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Last Update: Thursday October 19, 2017

Key Idea: Listen To Customers

Oregon Log's team of experts is always listening to customers to learn what they want to ensure they're meeting expectations and building the home of their dreams.

Key Question:

A: 

Make sure the customer is the boss and the voice that matters most.

Q: Should you wait to listen to your best customers until competitors with a new technology nearly eat your lunch? Should Mike wait to listen to customers until he is fully engaged in building the home he thinks they want?

A:
No, no, no. That is arrogant, solipsistic and just plain stupid. Don't ever wait to dig into a customer's mind. Instigate a plan whereby you ask two questions on a regular basis.

Did we give you exactly what you expected?
What could we be doing for you that we are not now doing?
This takes courage, but you've got that or you wouldn't be a business owner. Now you have to find time to do it.

Q: Is there a tried and true listening process?

A: Nancy Goshow, founder of Goshow Architecture, says her process for listening has several steps. She asks questions, probes, listens and then presents back to the client what she thinks she heard them request. She watches the client closely while they hear her presentation, and then she starts the process again. Here is the formula: ask questions, probe, listen, present back. Nancy will go through this process dozens of times with a client before a complex project is complete.

Think about it

How do you find out what your customer is thinking?

Clip from: Oregon Log Homes - they're building beauty.

National Home Builders'  "Best in America" Award

Oregon: As a young ski instructor on Mount Hood, Mike Neary built his first log home for himself.  When friends and family all bragged on it and wanted a log home too, he knew he had stumbled on to his life's work.

Today his company, Oregon Log Homes, builds the most beautiful log homes in the world.  The National Home Builders Association gave it "The Best In American Living" award and that won the attention of Disney.  Oregon Log Home was given the opportunity to build the Fort Wilderness Lodge in Orlando.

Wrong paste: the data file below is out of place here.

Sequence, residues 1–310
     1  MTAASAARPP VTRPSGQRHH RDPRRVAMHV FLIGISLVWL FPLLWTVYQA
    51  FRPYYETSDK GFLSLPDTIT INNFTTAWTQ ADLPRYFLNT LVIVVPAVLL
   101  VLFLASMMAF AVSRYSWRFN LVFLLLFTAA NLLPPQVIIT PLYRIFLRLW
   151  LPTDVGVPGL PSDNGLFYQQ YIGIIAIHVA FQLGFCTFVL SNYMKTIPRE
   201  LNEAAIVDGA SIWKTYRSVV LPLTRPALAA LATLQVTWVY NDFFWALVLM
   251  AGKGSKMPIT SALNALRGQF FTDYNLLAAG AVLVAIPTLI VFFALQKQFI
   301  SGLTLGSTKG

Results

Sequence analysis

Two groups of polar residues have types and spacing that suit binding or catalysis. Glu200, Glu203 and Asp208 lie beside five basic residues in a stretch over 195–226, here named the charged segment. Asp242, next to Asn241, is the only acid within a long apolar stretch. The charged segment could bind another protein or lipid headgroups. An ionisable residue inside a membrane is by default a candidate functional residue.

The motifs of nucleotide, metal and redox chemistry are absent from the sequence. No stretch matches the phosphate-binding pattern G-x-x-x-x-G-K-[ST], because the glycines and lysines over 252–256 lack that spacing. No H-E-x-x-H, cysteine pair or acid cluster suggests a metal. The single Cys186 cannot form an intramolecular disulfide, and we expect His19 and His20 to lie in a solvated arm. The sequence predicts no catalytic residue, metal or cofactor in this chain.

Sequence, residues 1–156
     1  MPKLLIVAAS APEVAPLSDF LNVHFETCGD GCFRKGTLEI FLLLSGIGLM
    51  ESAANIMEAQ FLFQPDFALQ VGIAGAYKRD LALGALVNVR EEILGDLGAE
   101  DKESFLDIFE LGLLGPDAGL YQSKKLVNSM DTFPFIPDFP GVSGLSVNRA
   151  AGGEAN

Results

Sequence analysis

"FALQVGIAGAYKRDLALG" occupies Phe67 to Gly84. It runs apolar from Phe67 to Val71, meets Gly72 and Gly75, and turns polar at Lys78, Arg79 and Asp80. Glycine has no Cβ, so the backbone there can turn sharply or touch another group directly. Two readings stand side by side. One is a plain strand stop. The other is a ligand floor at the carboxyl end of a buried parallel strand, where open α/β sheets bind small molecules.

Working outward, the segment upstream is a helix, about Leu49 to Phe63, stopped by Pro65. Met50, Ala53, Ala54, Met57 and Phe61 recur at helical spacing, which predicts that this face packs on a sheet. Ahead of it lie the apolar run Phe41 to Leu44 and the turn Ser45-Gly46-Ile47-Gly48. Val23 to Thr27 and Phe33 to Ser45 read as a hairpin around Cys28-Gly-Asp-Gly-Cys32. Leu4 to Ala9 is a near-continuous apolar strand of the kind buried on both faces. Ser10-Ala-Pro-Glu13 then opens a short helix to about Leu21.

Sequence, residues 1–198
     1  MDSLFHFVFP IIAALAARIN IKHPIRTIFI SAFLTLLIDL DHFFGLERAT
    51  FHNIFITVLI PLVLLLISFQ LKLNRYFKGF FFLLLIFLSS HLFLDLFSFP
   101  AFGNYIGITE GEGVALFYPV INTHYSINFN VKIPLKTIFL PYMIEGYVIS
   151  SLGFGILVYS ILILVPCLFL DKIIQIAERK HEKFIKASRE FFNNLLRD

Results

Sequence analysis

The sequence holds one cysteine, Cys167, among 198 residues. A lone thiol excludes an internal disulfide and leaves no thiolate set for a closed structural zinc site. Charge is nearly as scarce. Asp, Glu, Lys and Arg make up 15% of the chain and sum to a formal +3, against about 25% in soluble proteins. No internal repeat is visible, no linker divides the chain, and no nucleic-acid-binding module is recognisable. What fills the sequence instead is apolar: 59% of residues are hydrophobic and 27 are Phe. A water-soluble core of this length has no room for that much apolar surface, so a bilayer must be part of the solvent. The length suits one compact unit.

While much of the work is done by hand, Mike invented a way to automate some of the process which keeps the company competitive while still thoroughly unique.

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Oregon Log Homes, Inc.

Mike Neary, CEO, founder

1399 N. Highway 197
Maupin, OR 97037

Visit our web site: http://www.oregonloghomes.com

Business Classification:
Construction

Year Founded:

Listen To Customers

HATTIE: (Voiceover) Oregon Log Homes will build whatever the customers want, and because of their notoriety, they deal with many large, complex, expensive projects. They are currently working on a home which sits on Lake Tahoe. Randy has built this model to demonstrate solutions he has developed to solve a problem.

RANDY: One of the themes as far as logs in this entire house is that logs never end. They just keep on continuing. For instance, this is a rim log here. This is the same diameter as this. This log continues up and over.

HATTIE: (Voiceover) He will videotape the model with three different options, then send the tape to the architects in San Francisco.

The model will be sent to the construction foreman at the site. Randy estimates the finished cost of this home will be about $18 million. There's really more to this than meets the eye when you first look at it.

RANDY: Yes, it's been a great project for us.

HATTIE: (Voiceover) The people who live in log homes say there's nothing like it.

TED: As you can see, they're beautiful. They just lend themselves to a very natural setting and people appreciate that now. I live inside a piece of art. I truly do.

HATTIE: (Voiceover) Every business has its own language.

MIKE: This is a chink-style building. It's actually called a full-scribe, where we scribe the log. This is a spine where a two-by will go into. This is a check. We primarily use dead-standing timber. From the tree drying out internally, this check is created. And once that happens, the sawmills can't use it. You can imagine if you cut a two-by-four out of that, that it would fall apart.

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